Perfect Glass

  • Carnell
    Topic creator
    Member
    Joined: 26.07.2016Posts: 1Ratings: 1

    Hello,

    From watching many of your videos, I have noticed you frequently alter what type of glass you use. Personally, I don't have anything apart from a wine glass to taste my whiskeys which I know isn't perfect but is better than just a normal ball glass I'd assume. So my question is, basically, what type of glass would you say is the best to drink whiskey from?

    Best,

    Carnell

  • DaFin Member Joined: 23.05.2016Posts: 101CollectionDaFins CollectionRatings: 15
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    I have a glencairn glass. It's very nice but neck is quite narrow to smell properly.
    I have a Riedel whisky tasting glass. Wider neck but too expensive to use it too often... So at the end of the day I use vintage whisky glasses.

    Unfortunately I think that Mr. Luening glass is not available to buy outside a Germany. Its nice and afordable.

  • horst_s Administrator horst_s Joined: 01.07.2014Posts: 383Ratings: 704
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    The most necessary part of a propper whisky glass is the cupa. The tulip shaped upper part of the glass, in which you fill the whisky. The narrowing top of the glass hinders the aroma vapors to get lost too fast. The 'normal' whisky tumbler is therefore the least suitable for tasting whisky.

    The size of the cupa also matters. Strong whiskies are able to fill bigger cupas. A good red wine glass might be a little big but is still good for Laphroaig, Ardbeg oder Lagavulin.

    If you have normal Speyside or Highland whiskies you might go for a smaller white wine glas. But remember, it has to have a smaller upper rim to hinder the vapors rising.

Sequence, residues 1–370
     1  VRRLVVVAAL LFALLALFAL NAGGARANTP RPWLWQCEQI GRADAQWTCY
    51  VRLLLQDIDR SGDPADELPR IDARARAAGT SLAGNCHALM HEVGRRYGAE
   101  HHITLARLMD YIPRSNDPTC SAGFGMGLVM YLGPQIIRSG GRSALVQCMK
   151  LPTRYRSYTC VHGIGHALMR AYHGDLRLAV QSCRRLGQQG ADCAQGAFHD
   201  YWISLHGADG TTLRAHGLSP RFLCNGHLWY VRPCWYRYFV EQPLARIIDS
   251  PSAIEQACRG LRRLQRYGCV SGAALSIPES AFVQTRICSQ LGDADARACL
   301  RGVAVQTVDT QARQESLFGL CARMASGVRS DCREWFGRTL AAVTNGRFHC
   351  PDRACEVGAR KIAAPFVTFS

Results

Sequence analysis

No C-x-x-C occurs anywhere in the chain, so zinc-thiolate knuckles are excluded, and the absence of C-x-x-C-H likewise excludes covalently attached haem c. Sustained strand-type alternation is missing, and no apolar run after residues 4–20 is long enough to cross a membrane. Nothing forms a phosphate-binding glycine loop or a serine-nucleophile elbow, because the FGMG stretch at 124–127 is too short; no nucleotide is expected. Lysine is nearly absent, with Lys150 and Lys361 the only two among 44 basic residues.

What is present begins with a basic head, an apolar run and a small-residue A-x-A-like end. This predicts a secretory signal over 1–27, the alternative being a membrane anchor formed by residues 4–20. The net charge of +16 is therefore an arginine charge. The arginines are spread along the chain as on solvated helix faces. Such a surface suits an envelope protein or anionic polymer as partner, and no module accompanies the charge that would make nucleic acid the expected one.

A good choice is always a classic Sherry glass.

    Kind regards, Horst Luening, Master Taster, Whisky.com
  • Rowsdower70 Member Rowsdower70 Joined: 10.07.2016Posts: 20CollectionRowsdower70s CollectionRatings: 7
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    I looked for one with a more pronounced stem, but ended up getting some glencairn whisky glasses.

    I like them very much, but would prefer a longer stem to keep body heat away from the liquid.

    Michael Suitt
  • andyb01 Member andyb01 Joined: 21.08.2015Posts: 65Collectionandyb01s CollectionRatings: 0
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    welcome and enjoy the forum

  • horst_s Administrator horst_s Joined: 01.07.2014Posts: 383Ratings: 704
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    "Rowsdower70" wrote:
    I looked for one with a more pronounced stem, but ended up getting some glencairn whisky glasses.

    I like them very much, but would prefer a longer stem to keep body heat away from the liquid.

    Glass is a very good insulator. The Glencairn glass has a heavy bottom. Beside the cupa I prefer a decent drinking lip. The Glencairn glass has none. Therefore you have to be very carefully not to get too much into your mouth.

    I use a handmade glass to my own specifications since 18 months now. It has a litte stem, a lip, a special shaped cupa, and it is made from crystal glass. Here is the video taken during the production of one of the first prototypes.
    Kind regards, Horst Luening, Master Taster, Whisky.com
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